EROS’s new eye in space

Eye on KELOLAND

GARRETSON, SD (KELO) — We’re getting our first look at the celestial snapshots of earth being taken by the newest satellite that’s circling high above us. The images captured by Landsat 9 will be analyzed and archived by scientists at the EROS Center in Garretson. This new piece of high-tech hardware will enhance EROS’s ongoing mission to study global changes.

Earth is ready for its close-up, courtesy of Landsat 9. These are the first pictures from the newest satellite shutterbug orbiting the globe.

“They were awesome. They’re incredible. They are much better than expected,” EROS New Missions Branch Chief Joe Blahovec said.

Landsat 9 is snapping away photos some 438 miles above earth. It will be up to researchers on the ground to analyze the pictures to determine how changes to earth’s surface over time, will impact our environment and natural resources.

Image from Landsat 9 satellite.

“The goal then is to get that information, that change information, into the hands of decision-makers, such as land managers, or farmers, so they can then use it to respond to these changes that make them more effective at being land managers,” EROS Acting Director Pete Doucette said.

An Atlas V rocket blasted-off, in the fog, from California back in September carrying Landsat 9 into space. Some of the staff from EROS were on hand to witness the launch.

“You could feel it and hear it, it was just awesome, and everything went smooth after that. It’s up in orbit, and operating like it should be, probably our cleanest launch for Landsat,” Blahovec said.

Landsat 9 has new-and-improved sensors that can take higher-definition photos of earth than the two older EROS satellites currently orbiting the earth.

“It gives us more sensitivity, you can see subtle differences in the earth images, which helps you look at darker images better, like water, or dense forests,” Blahovec said.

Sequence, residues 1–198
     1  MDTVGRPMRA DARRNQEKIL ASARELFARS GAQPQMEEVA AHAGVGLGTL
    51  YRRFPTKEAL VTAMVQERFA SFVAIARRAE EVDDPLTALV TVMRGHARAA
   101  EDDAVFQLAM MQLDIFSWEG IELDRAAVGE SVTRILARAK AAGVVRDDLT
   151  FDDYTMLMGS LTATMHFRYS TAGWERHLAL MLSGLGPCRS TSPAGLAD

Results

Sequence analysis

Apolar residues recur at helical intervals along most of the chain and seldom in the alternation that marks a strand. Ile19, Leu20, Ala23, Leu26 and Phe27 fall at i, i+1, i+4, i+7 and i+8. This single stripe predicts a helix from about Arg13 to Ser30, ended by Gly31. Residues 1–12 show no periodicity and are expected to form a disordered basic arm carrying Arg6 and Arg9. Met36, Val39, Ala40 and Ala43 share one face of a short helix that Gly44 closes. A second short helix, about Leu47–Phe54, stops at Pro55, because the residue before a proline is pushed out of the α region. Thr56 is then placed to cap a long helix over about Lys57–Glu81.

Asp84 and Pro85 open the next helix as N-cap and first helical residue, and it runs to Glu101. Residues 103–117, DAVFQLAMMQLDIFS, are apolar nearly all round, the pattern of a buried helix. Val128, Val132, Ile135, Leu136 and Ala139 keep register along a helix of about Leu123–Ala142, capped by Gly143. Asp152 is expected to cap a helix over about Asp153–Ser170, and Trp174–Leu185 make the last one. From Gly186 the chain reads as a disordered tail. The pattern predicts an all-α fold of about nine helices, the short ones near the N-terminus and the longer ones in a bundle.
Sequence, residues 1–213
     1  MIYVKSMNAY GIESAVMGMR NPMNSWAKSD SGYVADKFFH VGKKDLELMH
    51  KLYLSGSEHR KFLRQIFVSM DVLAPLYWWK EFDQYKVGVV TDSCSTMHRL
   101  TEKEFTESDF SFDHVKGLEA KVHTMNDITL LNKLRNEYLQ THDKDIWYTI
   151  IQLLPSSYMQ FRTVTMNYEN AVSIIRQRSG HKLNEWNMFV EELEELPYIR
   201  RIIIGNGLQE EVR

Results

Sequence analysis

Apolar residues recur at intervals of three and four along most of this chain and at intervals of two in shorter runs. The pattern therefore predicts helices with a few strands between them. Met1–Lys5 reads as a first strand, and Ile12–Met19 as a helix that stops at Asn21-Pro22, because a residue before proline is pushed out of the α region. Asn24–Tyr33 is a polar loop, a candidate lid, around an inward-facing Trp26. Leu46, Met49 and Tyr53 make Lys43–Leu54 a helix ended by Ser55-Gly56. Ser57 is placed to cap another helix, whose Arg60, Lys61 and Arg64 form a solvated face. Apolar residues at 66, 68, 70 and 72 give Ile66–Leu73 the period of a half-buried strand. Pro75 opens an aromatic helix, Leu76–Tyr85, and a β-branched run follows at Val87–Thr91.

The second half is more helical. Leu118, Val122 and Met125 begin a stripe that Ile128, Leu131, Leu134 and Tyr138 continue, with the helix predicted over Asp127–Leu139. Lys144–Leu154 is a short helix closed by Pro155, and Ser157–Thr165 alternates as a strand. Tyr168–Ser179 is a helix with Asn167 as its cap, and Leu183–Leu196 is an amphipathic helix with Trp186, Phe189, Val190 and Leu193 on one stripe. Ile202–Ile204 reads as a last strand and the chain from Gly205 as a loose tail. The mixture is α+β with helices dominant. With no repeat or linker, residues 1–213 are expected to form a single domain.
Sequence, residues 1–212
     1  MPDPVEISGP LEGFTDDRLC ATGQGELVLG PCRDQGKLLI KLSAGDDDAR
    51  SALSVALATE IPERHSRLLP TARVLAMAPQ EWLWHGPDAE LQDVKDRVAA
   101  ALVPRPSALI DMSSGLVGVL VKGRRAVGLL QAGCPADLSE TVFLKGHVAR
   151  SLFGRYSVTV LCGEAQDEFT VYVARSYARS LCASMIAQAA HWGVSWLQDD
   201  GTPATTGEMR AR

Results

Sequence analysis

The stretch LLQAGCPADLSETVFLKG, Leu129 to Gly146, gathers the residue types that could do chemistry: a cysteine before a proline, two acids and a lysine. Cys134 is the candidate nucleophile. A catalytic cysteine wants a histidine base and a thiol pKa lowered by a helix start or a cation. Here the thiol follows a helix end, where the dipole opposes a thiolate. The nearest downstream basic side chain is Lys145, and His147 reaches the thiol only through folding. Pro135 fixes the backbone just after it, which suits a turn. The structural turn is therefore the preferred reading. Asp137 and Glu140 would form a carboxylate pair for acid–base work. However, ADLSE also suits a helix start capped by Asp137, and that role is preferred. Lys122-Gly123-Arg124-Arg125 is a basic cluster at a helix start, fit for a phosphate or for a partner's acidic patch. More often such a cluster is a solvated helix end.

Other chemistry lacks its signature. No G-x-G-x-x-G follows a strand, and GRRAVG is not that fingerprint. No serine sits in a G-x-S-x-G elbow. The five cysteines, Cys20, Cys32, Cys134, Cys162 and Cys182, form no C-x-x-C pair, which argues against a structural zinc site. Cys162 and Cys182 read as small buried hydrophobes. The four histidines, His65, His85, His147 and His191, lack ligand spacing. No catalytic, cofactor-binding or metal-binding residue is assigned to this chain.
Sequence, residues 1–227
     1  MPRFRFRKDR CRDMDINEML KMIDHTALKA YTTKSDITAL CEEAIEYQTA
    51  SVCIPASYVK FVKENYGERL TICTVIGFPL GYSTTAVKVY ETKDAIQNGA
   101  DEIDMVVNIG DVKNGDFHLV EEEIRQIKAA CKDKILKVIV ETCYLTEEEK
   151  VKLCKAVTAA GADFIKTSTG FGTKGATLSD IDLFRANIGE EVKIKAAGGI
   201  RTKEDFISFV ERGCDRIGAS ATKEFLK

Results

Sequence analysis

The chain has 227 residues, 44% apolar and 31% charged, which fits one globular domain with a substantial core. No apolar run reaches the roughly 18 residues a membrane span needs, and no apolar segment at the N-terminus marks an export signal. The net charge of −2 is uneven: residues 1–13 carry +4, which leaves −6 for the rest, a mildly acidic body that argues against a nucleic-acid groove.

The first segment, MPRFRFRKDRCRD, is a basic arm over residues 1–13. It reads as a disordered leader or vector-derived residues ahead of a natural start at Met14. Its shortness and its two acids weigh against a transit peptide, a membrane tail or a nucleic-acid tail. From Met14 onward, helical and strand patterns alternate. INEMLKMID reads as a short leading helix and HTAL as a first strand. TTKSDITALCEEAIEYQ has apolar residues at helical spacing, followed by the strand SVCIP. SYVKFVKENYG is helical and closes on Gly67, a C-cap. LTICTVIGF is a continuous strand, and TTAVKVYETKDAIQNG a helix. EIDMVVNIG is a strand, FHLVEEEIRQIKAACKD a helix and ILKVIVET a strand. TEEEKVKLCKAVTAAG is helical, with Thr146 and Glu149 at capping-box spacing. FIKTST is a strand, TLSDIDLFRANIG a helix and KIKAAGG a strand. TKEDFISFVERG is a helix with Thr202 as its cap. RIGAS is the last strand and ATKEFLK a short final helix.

EROS is part of a global network of facilities that collect the important data from space.

“We need a certain amount of bandwidth to capture all the imagery, so there’s a ground station in Alice Springs, Australia, another one in Germany, another one in Norway that we use extensively to make sure we can fulfill our global mission of receiving Landsat data every day,” Sustainable Land Imaging Partnership Development Senior Advisor Steve Labahn said.

The EROS building has been closed to the public since the start of the pandemic and will likely remain closed until the spring. Most of the staff has been working from home and it’s not keeping them from fulfilling their mission here at the agency.

“We’re at about 10-percent capacity right now of staff that come on-site, to do some basic, essential functions, and the remaining 90-percent continue to work in a full tele-work mode from home. So, we are hoping that we’ll be back to a fairly normal operational mode early next year,” Doucette said.

EROS warehouses some 10-million images of earth captured by space satellites throughout the years. And even during a pandemic, they take an unblinking look at all the changes down below, that will impact earth’s future for years to come.

Eventually, Landsat 9 will be able to take as many as 700 images during its 14-and-a-half orbits of earth each day.

Right now, NASA is in charge of the satellite. But in January, NASA officials will be in Garretson to officially turn over the keys to EROS.

You can check out the pictures of earth for yourself.

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